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Gang of Four: Senators Call for Tillerson to Enter into Arms Control Talks with the Kremlin

In Democracy, Justice, Nuclear Guardianship, Nuclear Policy, Peace, Politics, War on March 24, 2018 at 9:57 pm

By Gilbert Doctorow and Ray McGovern

In a sad commentary on the parlous state of the U.S. media, a letter to Secretary of State Rex Tillerson from four United States Senators dated March 8 calling for opening arms control talks with the Kremlin ASAP is nowhere to be found in mainstream newspapers a day after its release on the Senate home page of one of the authors, Jeff Merkley (D-Ore.). Nothing in the New York Times. Nothing in the Washington Post. And so, it is left to alternative media to bring to the attention of its readership a major development in domestic politics, a significant change in what its own senior politicians are saying should be done about Russia that was brought to our attention by …..the Russian mainstream media including the agency RIA Novosti, RBK, Tass within hours of initial posting.

What we have is, first, a genuine man bites dog story. Two of the senators who penned the letter, Dianne Feinstein (D-Calif.) and Bernie Sanders (I-Vermont), have in recent months been among the most vociferous promoters of the unproven allegations of Trump collusion with the Russians. Now they are putting aside for the moment their attacks on Trump and members of his entourage who dared shake hands or share a joke with a Russian ambassador. They are openly calling upon the Secretary of State to send U.S. personnel to negotiate with Putin’s minions over our survival on this planet.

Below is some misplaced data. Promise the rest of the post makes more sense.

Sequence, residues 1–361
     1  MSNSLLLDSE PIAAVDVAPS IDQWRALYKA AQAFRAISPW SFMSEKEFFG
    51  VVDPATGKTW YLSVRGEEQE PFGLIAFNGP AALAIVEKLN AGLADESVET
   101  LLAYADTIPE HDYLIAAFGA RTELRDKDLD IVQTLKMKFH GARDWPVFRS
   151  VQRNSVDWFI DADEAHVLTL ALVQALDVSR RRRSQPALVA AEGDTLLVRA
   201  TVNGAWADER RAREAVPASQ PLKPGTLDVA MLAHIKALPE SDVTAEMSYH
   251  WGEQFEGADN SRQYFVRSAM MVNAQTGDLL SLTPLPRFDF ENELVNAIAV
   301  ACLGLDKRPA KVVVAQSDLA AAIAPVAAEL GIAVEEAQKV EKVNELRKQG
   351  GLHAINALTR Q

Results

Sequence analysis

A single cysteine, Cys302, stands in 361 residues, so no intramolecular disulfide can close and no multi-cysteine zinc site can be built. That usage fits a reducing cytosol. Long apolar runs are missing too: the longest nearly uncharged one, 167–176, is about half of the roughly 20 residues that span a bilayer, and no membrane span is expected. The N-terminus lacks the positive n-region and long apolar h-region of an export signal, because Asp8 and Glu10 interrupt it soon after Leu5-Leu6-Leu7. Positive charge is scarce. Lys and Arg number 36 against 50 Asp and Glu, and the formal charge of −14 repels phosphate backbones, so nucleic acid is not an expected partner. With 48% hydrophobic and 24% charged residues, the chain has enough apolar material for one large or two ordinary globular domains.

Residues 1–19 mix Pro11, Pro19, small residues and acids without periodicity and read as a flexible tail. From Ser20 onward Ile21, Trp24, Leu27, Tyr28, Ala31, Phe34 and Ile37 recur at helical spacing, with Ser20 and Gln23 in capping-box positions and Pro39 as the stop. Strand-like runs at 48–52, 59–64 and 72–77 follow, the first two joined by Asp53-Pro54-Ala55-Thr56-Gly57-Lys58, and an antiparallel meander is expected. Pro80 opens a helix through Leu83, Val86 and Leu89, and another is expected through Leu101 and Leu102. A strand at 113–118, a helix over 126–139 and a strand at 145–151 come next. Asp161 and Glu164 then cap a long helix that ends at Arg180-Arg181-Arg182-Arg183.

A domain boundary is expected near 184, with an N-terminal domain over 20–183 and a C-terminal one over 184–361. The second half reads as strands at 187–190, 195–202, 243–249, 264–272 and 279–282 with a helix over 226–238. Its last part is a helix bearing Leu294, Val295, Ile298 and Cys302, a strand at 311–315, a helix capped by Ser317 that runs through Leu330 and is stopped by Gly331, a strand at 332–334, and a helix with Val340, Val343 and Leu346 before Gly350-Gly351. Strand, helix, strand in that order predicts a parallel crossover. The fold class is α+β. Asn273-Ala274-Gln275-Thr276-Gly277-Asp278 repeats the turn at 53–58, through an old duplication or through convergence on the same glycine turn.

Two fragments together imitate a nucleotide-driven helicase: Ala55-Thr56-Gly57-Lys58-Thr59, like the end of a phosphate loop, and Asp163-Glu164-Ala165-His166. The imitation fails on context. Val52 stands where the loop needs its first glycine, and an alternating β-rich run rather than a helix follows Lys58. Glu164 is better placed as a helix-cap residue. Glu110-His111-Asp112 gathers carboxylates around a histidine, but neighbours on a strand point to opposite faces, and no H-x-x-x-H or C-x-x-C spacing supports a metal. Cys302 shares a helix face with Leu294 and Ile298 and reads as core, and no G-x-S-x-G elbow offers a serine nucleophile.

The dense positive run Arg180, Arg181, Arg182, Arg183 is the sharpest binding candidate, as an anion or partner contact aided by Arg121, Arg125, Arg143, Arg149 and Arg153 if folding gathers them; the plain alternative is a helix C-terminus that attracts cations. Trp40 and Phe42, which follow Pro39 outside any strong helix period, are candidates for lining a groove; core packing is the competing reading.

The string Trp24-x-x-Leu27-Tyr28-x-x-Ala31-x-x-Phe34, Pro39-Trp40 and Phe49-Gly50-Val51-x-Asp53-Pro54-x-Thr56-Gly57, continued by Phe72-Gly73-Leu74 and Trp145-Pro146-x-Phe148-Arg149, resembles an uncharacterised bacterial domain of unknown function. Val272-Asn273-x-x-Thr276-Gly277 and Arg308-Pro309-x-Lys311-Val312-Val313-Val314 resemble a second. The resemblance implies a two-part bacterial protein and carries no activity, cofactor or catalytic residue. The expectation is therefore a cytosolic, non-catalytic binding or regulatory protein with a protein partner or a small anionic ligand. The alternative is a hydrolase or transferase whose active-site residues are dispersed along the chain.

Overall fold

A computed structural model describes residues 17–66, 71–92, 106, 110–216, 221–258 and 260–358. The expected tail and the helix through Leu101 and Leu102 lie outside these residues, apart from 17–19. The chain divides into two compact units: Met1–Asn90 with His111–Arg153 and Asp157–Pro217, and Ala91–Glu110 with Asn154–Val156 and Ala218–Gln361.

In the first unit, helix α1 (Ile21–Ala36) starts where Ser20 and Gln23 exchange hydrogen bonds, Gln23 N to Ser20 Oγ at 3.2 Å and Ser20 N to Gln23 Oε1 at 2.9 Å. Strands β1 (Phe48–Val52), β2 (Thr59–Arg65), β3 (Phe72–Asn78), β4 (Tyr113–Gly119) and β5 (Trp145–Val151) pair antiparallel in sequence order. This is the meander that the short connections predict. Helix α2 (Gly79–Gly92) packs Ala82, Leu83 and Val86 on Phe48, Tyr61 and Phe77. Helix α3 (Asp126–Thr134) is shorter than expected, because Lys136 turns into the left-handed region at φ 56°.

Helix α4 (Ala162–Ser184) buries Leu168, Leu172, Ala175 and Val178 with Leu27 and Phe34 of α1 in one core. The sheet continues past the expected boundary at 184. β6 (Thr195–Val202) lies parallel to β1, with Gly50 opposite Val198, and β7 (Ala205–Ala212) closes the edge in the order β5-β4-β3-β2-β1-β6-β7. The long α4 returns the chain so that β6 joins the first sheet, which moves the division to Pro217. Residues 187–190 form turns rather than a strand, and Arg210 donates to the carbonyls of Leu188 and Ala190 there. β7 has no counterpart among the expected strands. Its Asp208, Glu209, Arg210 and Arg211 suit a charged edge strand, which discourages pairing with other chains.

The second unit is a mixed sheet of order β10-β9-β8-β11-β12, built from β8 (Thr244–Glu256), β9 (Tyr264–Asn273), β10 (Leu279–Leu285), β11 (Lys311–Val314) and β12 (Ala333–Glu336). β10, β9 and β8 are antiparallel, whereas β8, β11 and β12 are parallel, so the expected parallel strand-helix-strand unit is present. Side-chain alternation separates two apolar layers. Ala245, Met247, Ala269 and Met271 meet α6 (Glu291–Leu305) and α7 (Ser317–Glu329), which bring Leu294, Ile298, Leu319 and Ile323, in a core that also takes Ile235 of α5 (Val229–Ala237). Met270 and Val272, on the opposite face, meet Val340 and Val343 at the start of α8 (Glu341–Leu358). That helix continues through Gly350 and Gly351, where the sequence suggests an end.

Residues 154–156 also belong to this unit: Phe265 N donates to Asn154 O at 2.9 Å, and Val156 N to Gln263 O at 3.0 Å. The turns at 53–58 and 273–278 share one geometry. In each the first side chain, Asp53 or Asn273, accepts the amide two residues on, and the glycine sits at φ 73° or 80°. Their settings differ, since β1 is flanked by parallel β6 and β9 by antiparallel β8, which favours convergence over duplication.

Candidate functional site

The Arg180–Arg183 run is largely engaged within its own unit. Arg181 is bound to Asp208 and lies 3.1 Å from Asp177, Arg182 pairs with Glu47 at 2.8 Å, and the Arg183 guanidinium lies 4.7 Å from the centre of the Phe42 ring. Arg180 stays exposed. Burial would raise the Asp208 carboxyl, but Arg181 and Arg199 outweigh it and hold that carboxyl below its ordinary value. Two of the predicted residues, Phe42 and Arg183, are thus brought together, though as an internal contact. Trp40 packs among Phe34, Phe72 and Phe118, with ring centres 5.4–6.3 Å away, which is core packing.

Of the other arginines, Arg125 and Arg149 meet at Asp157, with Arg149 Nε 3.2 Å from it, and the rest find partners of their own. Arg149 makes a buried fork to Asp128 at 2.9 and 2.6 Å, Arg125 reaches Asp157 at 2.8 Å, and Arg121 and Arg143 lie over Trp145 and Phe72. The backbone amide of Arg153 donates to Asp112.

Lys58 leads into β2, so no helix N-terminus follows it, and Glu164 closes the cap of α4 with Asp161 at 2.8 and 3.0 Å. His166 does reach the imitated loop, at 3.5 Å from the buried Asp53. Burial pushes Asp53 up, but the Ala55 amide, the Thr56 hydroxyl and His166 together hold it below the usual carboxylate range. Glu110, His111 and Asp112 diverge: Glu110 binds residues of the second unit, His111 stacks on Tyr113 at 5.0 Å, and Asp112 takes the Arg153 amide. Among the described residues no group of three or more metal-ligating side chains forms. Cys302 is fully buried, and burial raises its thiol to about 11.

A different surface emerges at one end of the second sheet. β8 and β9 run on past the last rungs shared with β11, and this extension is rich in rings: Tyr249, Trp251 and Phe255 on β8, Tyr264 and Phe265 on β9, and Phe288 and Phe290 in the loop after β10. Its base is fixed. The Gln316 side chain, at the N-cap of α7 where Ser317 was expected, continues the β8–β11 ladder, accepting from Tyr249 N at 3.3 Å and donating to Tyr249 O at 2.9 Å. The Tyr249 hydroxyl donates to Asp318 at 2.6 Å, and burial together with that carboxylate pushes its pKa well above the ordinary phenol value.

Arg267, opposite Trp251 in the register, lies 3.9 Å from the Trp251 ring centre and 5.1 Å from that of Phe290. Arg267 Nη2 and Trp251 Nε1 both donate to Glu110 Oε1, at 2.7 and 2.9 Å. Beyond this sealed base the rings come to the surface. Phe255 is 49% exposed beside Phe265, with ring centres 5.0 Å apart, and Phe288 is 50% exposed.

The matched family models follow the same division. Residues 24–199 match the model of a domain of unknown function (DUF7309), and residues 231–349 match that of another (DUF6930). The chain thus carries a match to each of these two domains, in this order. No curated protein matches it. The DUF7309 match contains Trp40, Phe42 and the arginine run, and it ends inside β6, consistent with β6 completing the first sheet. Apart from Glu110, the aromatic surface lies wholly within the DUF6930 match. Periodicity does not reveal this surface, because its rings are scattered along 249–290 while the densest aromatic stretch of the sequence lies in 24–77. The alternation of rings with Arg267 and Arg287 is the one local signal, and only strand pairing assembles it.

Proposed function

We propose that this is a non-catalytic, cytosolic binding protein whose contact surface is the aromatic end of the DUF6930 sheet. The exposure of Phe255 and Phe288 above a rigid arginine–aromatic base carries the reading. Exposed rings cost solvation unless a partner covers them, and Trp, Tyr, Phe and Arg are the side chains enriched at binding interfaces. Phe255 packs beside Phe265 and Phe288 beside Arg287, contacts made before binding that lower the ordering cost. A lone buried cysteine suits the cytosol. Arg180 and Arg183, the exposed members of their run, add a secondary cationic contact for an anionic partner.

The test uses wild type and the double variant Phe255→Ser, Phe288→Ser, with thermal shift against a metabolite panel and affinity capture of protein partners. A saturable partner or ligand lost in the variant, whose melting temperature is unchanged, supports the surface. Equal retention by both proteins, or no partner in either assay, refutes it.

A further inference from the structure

The authors were in a tough spot explaining their new marching orders for State. And they have done their best to impose consistency on what is patently a new policy direction holding great promise for sanity to be restored in U.S.-Russian relations.

First, they cover their backsides by the lengthy recitation of Russia’s bad deeds, including alleged election meddling in the 2016 presidential election, violation of international law in Ukraine and the like.

Secondly, they make the proposed arms talks look like a walk down the Rose Garden, with the Russians being told what to do from a position of strength. The objective is focused on inserting two of Russia’s latest weapons systems described by Vladimir Putin in his March 1 speech into the framework of the START treaty as it comes up for renewal. That and to resolve issues over alleged Russian violation of the Intermediate Range Missiles convention.

However, buried in this mumbo jumbo is that reference to Putin’s speech and the new weapons systems he described, which actually numbered six among them several never heard about before inside the Beltway and looking pretty ominous. So, one may conclude that Putin’s intended “shock and awe” speech did have some effect in DC, even if so far no one is saying so, and even if so far, our leading newspapers have called time out till they can decide how to deal with the unwelcome news.

Wittingly or not, the Gang of Four has just opened a breach in the wall of contempt and loathing for Putin and Russia that has been building in Washington for months if not years now. The immediate task is for word of this development to go out to the broad public and for the relics of our once formidable arms negotiations teams to be brought out of mothballs to face Russian counterparts who have been waiting keenly for this moment.

Democratic Fissures

The unusual way in which the letter was made public — and the evident uncertainty on the part of the mainstream media as to how to play it — reflects widening fissures among Democrats.